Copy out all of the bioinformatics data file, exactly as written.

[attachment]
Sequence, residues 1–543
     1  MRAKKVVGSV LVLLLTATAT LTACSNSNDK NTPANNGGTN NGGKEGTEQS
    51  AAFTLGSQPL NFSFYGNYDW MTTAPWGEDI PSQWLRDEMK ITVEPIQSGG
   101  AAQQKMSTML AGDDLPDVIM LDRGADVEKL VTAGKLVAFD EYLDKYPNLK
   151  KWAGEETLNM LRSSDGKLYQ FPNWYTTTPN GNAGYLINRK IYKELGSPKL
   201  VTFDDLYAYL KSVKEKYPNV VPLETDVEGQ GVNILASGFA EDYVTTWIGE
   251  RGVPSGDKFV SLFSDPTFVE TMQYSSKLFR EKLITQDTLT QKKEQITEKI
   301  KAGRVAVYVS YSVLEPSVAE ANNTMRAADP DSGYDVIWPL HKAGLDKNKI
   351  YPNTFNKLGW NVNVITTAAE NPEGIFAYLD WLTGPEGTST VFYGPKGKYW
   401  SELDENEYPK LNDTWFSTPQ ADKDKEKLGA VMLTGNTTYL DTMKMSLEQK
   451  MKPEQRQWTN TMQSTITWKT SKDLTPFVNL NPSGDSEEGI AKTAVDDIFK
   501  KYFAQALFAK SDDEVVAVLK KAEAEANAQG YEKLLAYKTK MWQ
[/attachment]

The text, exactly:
Sequence, residues 1–543
     1  MRAKKVVGSV LVLLLTATAT LTACSNSNDK NTPANNGGTN NGGKEGTEQS
    51  AAFTLGSQPL NFSFYGNYDW MTTAPWGEDI PSQWLRDEMK ITVEPIQSGG
   101  AAQQKMSTML AGDDLPDVIM LDRGADVEKL VTAGKLVAFD EYLDKYPNLK
   151  KWAGEETLNM LRSSDGKLYQ FPNWYTTTPN GNAGYLINRK IYKELGSPKL
   201  VTFDDLYAYL KSVKEKYPNV VPLETDVEGQ GVNILASGFA EDYVTTWIGE
   251  RGVPSGDKFV SLFSDPTFVE TMQYSSKLFR EKLITQDTLT QKKEQITEKI
   301  KAGRVAVYVS YSVLEPSVAE ANNTMRAADP DSGYDVIWPL HKAGLDKNKI
   351  YPNTFNKLGW NVNVITTAAE NPEGIFAYLD WLTGPEGTST VFYGPKGKYW
   401  SELDENEYPK LNDTWFSTPQ ADKDKEKLGA VMLTGNTTYL DTMKMSLEQK
   451  MKPEQRQWTN TMQSTITWKT SKDLTPFVNL NPSGDSEEGI AKTAVDDIFK
   501  KYFAQALFAK SDDEVVAVLK KAEAEANAQG YEKLLAYKTK MWQ